Mickey Gilley had a long run as a country hitmaker, reaching the top spot twice in 1974 with "I Overlooked an Orchid" and "Room Full of Roses" and then staying in the Top Ten for nearly a decade, logging his last Top Ten country hit in 1986 with "Doo-Wah Days." Raven's comprehensive 2007 compilation Too Good to Stop: Greatest Hits 1974-1985 stops a year earlier than that, but none of the handful of hits he had after 1985 are missed. If anything, this is a perfect example of a compilation that is too generous to its detriment. To be sure, this is as exhaustive a Gilley collection as can be assembled: it has all the big hits, and it paints a portrait of the progression of his career. The problem is, as his popularity grew, his music grew stale. During the first part of his career he pretty much devoted himself to mimicking his cousin Jerry Lee Lewis -- and to his credit, he did it splendidly, capturing the Killer's cadence and energy so well that it never seemed like copying, it seemed as if they were coming from the same place. Which, of course, they were: they shared much of the same background, and he could do honky tonk balladry with the same easy touch as he could rock & roll, and that made his '70s records real treats. As the '70s gave way the '80s and Urban Cowboy mania spread through the land, bringing Gilley's nightclubs huge popularity along with it, Mickey turned toward slick, smooth ballads -- love songs that became indistinguishable in sound and style, yet still topped the charts. These were occasionally interspersed with oldies numbers reminiscent of Ronnie Milsap's "Lost in the Fifties Tonight," but the overall effect was to turn Gilley into something opposite of what he was at the outset: all calculation, no heart. It's possible to hear this all unfold on Too Good to Stop, but anybody wanting to hear Mickey at his peak should turn to Koch's two-fer of his first two albums, or Epic's 1984 double-LP Ten Years of Hits collection, which has a higher concentration of Gilley at his peak.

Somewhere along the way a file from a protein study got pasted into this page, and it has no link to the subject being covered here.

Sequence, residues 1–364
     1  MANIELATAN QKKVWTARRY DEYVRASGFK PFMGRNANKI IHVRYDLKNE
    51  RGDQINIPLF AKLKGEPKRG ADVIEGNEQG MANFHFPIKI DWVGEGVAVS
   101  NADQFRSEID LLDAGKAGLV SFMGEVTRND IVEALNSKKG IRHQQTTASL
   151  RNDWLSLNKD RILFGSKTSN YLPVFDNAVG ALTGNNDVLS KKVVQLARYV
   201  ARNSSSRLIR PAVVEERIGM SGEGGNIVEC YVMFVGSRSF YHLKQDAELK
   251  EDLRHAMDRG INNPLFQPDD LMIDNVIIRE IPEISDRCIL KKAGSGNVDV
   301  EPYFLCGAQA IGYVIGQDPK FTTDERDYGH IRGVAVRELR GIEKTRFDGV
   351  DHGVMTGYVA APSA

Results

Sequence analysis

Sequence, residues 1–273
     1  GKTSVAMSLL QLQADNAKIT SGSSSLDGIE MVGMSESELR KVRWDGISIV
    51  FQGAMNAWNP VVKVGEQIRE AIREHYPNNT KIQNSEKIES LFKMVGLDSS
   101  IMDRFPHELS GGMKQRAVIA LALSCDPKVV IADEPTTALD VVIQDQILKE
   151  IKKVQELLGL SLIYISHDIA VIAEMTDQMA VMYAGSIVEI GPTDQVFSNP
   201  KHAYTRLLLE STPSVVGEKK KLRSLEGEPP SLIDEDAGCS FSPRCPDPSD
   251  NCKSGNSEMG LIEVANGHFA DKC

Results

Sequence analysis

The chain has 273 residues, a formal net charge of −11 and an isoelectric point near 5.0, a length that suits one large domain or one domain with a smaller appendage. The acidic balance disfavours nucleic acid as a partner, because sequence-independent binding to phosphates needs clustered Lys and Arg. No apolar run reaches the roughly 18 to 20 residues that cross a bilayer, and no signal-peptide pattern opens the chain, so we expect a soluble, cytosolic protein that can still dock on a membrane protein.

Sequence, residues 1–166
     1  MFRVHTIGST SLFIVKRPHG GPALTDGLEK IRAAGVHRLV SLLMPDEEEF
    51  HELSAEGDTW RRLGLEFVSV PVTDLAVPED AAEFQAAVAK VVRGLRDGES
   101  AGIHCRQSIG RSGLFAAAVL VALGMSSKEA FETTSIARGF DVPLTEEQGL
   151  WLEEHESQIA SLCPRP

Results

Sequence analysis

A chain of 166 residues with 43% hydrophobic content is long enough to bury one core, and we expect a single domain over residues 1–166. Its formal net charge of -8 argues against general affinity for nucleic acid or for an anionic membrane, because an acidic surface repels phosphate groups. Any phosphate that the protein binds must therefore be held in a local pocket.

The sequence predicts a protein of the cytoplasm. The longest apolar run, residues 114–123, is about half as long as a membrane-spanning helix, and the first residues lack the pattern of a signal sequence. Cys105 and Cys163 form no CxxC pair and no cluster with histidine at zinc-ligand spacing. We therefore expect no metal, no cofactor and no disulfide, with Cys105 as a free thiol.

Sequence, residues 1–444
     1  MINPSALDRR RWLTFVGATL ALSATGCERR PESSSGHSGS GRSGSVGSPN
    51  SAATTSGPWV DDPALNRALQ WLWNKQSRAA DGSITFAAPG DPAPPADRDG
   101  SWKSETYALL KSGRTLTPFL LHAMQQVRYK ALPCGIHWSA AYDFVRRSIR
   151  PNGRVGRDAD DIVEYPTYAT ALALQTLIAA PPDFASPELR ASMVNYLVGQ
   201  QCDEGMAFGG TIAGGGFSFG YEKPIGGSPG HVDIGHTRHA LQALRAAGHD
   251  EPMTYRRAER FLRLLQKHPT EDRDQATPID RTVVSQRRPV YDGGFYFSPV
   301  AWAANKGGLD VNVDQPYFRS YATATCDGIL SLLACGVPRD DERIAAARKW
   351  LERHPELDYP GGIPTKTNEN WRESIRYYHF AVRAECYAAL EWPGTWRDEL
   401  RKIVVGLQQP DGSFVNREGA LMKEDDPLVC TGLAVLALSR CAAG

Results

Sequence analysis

Overnight Sensation: Country Hits 1974-1984 Review
by Stephen Thomas Erlewine
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